Eleanor & Park

Book review by Sandie Angulo Chen, Common Sense Media
Eleanor & Park Poster Image

Common Sense says

age 14+

Intense '80s romance is a fabulous pick for mature teens.

Parents say

age 15+

Based on 17 reviews

Kids say

age 14+

Based on 73 reviews

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Community Reviews

age 14+


Don't bother with this book. Eleanor is a character that constantly is racist to her "love interest," Park. Also, Park is not even a traditionally Korean first name, but a LAST NAME. The author stereotyped the people of color and characterized them mainly by racial stereotypes associated with their race. Park's own mother was called a "China Doll." Don't bother reading this book or watching the movie.
3 people found this helpful.
age 15+

Please find other books to read.

In the time since this book’s debut, many readers (including myself) have realized this book contains a lot of casual racism, fetishization of Asians, and harmful stereotypes usually involving the Koreans and Korean-Americans in this story. Firstly, the author makes the two main characters out to be “strange” and “outsiders”. Eleanor is strange because of her red hair, and Park is “strange” because he… is Asian. The racism Park faces should not equate to Eleanor’s hair color and weight. Eleanor often focuses on the appearances of Park and his mother, usually in a negative way. She says, “His mom looked exactly like a doll… tiny and perfect… Eleanor imagined Park’s dad, Tom Selleck, tucking his Dainty China person into his flak jacket and sneaking her out of Korea.” The comparison is supposed to be a compliment about how delicate and “perfect” Park’s mother is, but it just furthers the stereotypes that Asians are tiny and “delicate”, and that all Asians are the same. She calls his mother a “dainty China person”, when she is in fact Korean. Eleanor later says, “Park’s eyes got wide. Well, sort of… Sometimes she wondered if the shape of his eyes effected how he saw things. That was probably the most racist question of all time”. She knows she's being racist, but no one ever does anything to change this. “Park” is a Korean last name, not first name. Park embodies many common East Asian stereotypes: he takes taekwondo (which is incorrectly used interchangeably with “kung fu”), is great at math, struggles in English, and is often described as “small” and “feminine-looking”. He also has a lot of self-loathing, mostly having to do with being half-Korean. Park also has a lot of internalized anti-Asian hatred, and doesn’t think he’s attractive specifically because he’s Asian. The book also contains harmful stereotypes in Eleanor’s friends, two Black girls who are only loud, sassy, and constantly ready to fight someone. There are many other things to say, but I wanted to keep this as concise as possible. Please seek other books by Authors of Color! Books I recommend instead: - Love From A to Z by S. K. Ali - To All the Boys I've Loved Before by Jenny Han - Wicked Fox by Kat Cho - When Dimple Met Rishi by Sandhya Menon - Frankly In Love by David Yoon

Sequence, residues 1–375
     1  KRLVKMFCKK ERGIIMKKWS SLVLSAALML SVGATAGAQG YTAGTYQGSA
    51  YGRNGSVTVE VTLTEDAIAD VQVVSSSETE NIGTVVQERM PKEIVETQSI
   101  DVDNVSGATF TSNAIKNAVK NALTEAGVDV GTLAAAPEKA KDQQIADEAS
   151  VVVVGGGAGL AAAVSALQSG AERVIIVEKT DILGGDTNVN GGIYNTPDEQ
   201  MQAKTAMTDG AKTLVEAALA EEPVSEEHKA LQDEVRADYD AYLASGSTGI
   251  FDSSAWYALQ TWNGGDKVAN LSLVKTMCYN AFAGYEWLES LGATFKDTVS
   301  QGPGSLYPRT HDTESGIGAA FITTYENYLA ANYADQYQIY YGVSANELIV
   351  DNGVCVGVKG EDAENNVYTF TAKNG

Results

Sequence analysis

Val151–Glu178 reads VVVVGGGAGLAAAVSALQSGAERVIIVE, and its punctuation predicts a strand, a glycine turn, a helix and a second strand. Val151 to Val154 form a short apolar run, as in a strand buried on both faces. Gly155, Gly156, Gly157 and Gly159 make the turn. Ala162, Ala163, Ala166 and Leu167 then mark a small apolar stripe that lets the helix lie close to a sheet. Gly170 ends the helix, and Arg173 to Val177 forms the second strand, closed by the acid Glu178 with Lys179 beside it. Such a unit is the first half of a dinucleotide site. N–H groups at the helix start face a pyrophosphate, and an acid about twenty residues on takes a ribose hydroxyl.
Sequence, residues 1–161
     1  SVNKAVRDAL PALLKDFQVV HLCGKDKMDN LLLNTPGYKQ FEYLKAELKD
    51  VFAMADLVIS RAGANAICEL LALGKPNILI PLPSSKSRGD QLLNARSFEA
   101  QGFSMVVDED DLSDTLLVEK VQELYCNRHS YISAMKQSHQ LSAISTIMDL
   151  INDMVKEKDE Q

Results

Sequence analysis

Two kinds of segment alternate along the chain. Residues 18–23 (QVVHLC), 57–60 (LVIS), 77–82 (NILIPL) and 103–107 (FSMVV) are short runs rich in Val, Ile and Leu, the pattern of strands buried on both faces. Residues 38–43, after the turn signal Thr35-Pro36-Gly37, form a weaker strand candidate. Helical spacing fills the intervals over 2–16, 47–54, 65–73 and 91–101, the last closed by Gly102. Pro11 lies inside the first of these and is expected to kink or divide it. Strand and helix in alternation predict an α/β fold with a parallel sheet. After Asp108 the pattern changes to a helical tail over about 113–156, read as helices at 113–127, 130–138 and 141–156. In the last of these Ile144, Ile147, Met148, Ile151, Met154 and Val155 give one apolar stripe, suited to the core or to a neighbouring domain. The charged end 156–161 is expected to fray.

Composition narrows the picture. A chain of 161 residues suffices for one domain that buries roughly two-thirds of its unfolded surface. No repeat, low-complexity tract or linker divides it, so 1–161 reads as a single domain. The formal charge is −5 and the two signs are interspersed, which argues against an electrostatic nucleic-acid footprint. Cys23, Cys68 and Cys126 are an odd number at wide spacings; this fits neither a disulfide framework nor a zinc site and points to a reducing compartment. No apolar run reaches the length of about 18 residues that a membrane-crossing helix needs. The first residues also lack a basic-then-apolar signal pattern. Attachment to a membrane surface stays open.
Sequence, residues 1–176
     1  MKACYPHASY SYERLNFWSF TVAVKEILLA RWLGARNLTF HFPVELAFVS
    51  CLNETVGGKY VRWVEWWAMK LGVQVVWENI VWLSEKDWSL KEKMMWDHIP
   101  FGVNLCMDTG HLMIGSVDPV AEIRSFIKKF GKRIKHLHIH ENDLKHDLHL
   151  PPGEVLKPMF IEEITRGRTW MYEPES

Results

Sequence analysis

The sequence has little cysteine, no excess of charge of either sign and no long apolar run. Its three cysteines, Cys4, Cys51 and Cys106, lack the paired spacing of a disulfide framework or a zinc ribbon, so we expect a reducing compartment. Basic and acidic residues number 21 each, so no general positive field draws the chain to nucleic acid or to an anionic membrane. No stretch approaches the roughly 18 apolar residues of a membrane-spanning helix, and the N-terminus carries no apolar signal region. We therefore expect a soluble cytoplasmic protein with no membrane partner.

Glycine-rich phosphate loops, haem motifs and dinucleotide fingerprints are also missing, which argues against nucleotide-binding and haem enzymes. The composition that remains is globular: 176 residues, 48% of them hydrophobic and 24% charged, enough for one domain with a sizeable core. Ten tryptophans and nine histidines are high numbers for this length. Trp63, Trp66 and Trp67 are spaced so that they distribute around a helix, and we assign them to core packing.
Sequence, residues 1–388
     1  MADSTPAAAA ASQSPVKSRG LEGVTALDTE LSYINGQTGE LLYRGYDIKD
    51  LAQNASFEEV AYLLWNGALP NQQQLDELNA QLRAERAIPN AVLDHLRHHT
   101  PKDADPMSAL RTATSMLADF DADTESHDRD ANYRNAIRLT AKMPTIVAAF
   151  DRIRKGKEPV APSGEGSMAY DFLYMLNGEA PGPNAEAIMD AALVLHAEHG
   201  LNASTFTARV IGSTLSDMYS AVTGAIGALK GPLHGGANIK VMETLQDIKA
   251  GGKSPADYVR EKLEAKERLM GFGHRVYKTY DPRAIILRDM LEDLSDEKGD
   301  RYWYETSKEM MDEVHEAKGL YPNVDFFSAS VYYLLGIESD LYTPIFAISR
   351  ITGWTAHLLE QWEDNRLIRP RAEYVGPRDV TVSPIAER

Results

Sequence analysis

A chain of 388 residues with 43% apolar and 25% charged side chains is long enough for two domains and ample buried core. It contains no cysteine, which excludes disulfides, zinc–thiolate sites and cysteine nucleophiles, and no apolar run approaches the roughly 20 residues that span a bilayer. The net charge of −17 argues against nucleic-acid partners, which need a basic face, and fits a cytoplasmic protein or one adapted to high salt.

3 people found this helpful.

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For kids who love romance and the '80s

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